Richard I Penny ‘The Lionheart’ Silver Short Cross by Lefwine at Lincoln Mint 1189-1199


Product Code:RNC234

1 in stock

1 in stock


Header: Richard I ‘The Lionheart,’ Silver Voided Short Cross Penny, Lefwine, Lincoln Mint

Denomination: Silver penny

Period: Plantagenets

Date: 1189-1199

Origin: Lincoln mint, Lefwine moneyer, Class 2

Condition: Fine+, reasonable portrait for type, slightly off-centre and somewhat weakly struck

Obverse: Crowned facing bust of Richard. holding sceptre in right hand. legend in name of his father +hENRICV[S RE]X

Reverse: +LEFWINE.ON.NIC voided short cross with four pellets in each angle

Size and Weight: 19mm, 1.14g

References: Spink 1346, North 965

Features and Provenance: .

All Richard’s coins were issued in his father’s name, the only coins bearing his own name were produced in Ireland and France.

Although Richard is one of England’s most famous kings, it is strange that he should have only ever spent six months in the country and probably spoke little English. He was born in England in 1157, the second surviving son of Henry II and Eleanor of Aquitaine. He spent most of his youth with her in France were he excelled in the art of war. He was betrothed at the age of nine to a French princess, Alais, but never married her. Henry had her imprisoned for twenty five years and treated her as his own mistress. Richard had little time for women and his own marriage to Berengaria of Navarre was strategic; he spent little time with her and they had no children. He is believed to have produced one child illegitimately, but the mother is unknown.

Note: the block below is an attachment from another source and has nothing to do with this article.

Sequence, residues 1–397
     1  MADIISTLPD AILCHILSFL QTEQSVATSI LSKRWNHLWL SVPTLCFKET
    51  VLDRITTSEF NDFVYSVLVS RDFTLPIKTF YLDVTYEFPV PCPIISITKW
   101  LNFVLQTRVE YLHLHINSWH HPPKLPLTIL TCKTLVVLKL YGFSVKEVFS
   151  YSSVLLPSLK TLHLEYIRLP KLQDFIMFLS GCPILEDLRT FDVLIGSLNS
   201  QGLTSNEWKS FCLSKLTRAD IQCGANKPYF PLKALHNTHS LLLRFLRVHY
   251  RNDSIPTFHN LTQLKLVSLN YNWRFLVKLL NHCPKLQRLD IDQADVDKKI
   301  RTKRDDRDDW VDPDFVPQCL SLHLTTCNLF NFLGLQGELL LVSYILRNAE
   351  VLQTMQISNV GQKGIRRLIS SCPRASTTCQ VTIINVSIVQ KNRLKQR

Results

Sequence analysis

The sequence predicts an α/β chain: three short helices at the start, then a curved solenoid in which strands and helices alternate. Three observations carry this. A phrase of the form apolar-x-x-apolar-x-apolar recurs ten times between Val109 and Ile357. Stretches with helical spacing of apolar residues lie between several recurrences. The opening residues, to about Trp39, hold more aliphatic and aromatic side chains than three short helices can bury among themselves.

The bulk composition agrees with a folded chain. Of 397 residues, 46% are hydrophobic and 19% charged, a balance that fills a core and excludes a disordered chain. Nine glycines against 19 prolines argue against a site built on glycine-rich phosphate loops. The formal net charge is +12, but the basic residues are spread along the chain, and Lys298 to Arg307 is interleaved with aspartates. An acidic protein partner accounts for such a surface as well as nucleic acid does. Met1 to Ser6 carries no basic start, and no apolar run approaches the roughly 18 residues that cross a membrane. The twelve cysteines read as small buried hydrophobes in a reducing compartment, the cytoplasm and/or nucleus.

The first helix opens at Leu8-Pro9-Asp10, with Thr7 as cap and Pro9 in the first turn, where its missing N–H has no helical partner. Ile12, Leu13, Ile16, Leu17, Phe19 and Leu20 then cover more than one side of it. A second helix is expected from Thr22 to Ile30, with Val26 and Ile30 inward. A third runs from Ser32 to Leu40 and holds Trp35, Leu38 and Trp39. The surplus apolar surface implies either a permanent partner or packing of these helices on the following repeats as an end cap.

Richard actually tried to depose his father on no less than two occasions, so it is unsurprising that Henry II was not conducive to making Richard his heir apparent. He did so, however, just two days before his death. Richard gained the Angevin Empire but was more interested in fighting in the Crusades. The ‘Crusader King.’ ‘the Lionhearted,’ ‘Coeur de Lion’ and ‘Richard Oc-e-Non’ (yes and no) as he was also known, eventually reached a truce during the Third Crusade instead of gaining Jerusalem. He then travelled home again, but was captured and held to ransom. His mother tried to raise funds to pay, but had to turn to the people of the Angevin Empire to free him, promoting him as ‘Good King Richard’ although she had to pawn the crown jewels to finally achieve this. He died in 1199 from an arrow wound in the shoulder.

Condition Summary. This varies with the age of coin and there are grades between

Uncirculated (U). As struck with no traces of wear

Extremely Fine (EF). Very slight traces of wear. all parts of legend etc present. visible and clear

Very Fine (VF). Some signs of wear on the higher parts of the relief. all parts of legend etc present. but maybe worn

Fine (F). Wear on the coin and parts of legend etc may be missing or not visible


Additional information

Weight50 g


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